• Thanks for the suggestions, Ross. I hadn't realized that -On went up to 5 on Catalina, I'll use that and -ltiny (when appropriate) in future.
  • Hi Eric

    Another thing to point out when benchmarking (at least for Catalina, but I am sure it would be true of some of the other compilers as well) is that the file size has little bearing on the actual memory footprint occupied by the program.

    Catalina loads up things like plugins and kernels into cogs, and then re-uses the memory they occupied as stack and heap space where possible. So quoting the file size is not a good indication of the run-time size. On the P1, which had only 32kb, it was crucial to re-use as much Hub RAM as possible, and this complicated the load process (and added to the file sizes) significantly.

    While this is now less critical on the P2, Catalina still reclaims memory where possible, so a better indication of the actual memory "footprint" of a program is the sum of the segment sizes (i.e. code, cnst, init, data) and not the final file size, which is often many kb larger.

    For instance, if you compile this program as a COMPACT program with Catalina, the code size is almost halved, but that difference is not reflected in the file size.

    Ross.
  • Hi Eric,

    this all sounds very interesting. I've only used Fastspin so far. I've tried Catalina but I have to admit that I gave up after not being able to run HelloWorld after two hours. I'd probably worked if I tried harder but I was too lazy because I'm really happy with Fastspin at the moment.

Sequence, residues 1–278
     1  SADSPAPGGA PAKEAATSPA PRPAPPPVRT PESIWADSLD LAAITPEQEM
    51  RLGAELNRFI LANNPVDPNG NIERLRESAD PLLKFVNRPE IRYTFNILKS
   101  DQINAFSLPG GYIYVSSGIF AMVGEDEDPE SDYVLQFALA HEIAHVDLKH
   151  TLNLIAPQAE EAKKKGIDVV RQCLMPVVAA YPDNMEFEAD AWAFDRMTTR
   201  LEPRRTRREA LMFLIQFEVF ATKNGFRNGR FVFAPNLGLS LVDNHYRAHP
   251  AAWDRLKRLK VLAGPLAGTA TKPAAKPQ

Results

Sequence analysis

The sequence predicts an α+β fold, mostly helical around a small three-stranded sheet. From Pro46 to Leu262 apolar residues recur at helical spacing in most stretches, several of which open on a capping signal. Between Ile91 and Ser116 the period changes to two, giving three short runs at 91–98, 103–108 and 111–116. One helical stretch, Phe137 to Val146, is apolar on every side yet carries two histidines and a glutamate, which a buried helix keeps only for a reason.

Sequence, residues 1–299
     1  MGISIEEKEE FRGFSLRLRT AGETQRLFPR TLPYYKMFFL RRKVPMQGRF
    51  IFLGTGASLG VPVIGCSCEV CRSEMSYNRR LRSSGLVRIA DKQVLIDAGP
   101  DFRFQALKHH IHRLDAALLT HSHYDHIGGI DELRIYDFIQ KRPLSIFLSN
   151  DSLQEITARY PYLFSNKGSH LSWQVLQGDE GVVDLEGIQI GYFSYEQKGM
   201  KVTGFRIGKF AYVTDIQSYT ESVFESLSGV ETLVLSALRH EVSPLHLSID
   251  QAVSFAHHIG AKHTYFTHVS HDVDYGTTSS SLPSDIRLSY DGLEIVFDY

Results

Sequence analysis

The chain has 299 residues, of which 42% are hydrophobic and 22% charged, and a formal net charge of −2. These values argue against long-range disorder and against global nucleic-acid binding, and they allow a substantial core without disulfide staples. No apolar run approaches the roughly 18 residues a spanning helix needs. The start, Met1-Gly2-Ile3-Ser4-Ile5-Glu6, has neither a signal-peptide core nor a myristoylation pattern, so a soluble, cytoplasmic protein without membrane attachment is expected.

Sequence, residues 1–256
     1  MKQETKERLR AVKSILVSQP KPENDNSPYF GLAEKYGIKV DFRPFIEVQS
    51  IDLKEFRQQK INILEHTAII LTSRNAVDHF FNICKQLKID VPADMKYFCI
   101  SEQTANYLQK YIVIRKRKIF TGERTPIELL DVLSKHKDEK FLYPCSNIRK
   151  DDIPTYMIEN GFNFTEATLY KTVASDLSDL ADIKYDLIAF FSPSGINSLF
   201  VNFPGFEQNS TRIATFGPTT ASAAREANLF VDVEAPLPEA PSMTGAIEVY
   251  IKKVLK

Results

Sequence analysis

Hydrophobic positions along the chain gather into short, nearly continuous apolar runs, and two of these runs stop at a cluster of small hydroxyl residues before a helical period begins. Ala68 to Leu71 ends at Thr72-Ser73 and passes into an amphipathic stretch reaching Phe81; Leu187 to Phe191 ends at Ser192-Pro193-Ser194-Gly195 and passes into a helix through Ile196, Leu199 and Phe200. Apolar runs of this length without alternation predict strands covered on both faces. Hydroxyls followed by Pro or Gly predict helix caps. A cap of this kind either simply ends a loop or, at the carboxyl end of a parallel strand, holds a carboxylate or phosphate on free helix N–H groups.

However, I've seen that there is a debugger for Catalina called "black box" or "black cat". I think this is quite interesting as there seems to be no other real source level debugger for the P2 at the moment. Will you (or Ross if he also participates) talk about debugging in C?
  • ManAtWork wrote: »
    Hi Eric,

    this all sounds very interesting. I've only used Fastspin so far. I've tried Catalina but I have to admit that I gave up after not being able to run HelloWorld after two hours. I'd probably worked if I tried harder but I was too lazy because I'm really happy with Fastspin at the moment.

    However, I've seen that there is a debugger for Catalina called "black box" or "black cat". I think this is quite interesting as there seems to be no other real source level debugger for the P2 at the moment. Will you (or Ross if he also participates) talk about debugging in C?

    I don't really know how you can simplify "catalina -lc hello_world.c" much further ... but perhaps that's just me! :)

    BlackBox and BlackCat are two different (but similar) source-level debuggers. BlackCat was originally created by Bob Anderson, but with some technical input from me. It is a graphical debugger, but runs only on Windows. I wanted a debugger that worked on all platforms, so I created BlackBox, which is a command-line debugger in the style of gdb.

    I don't think I will be abe to participate in this discussion - the time doesn't work well for me because I generally have to work during the day. But I will certainly try and catch up with it afterward.
  • Taking an empirical view of the forum, it seems like there is a major push for Spin2 usage, and a way slower approach to using any flavor of C for the Propeller.

    Since the Simple Tools Library has a wealth of support for all kinds of devices that are used for the P1 and could be possibly used on the P2, should there be a c2spin2 conversion program, if that is even possible?

    Yea, that seems kind of weird and somehow backwards, but the Simple Tools Library has a lot of stuff covered. Sure would hate to see that go to waste, if everybody is going to switch over to using Spin2.

    Ray
  • Rsadeika,

    A conversion program is great if you just need some working code but it's not a good long term solution.

    Spin2 code would be nice for us Propeller-heads but Parallax needs Python code for their education customers and the truth is they are the money makers at the moment.

    I think going forward all documentation should include Pseudo-code that defines all the constants needed along with generic functions that show how to use the device.
    That would make it easier to customize the code for whatever micro or language someone wants to use.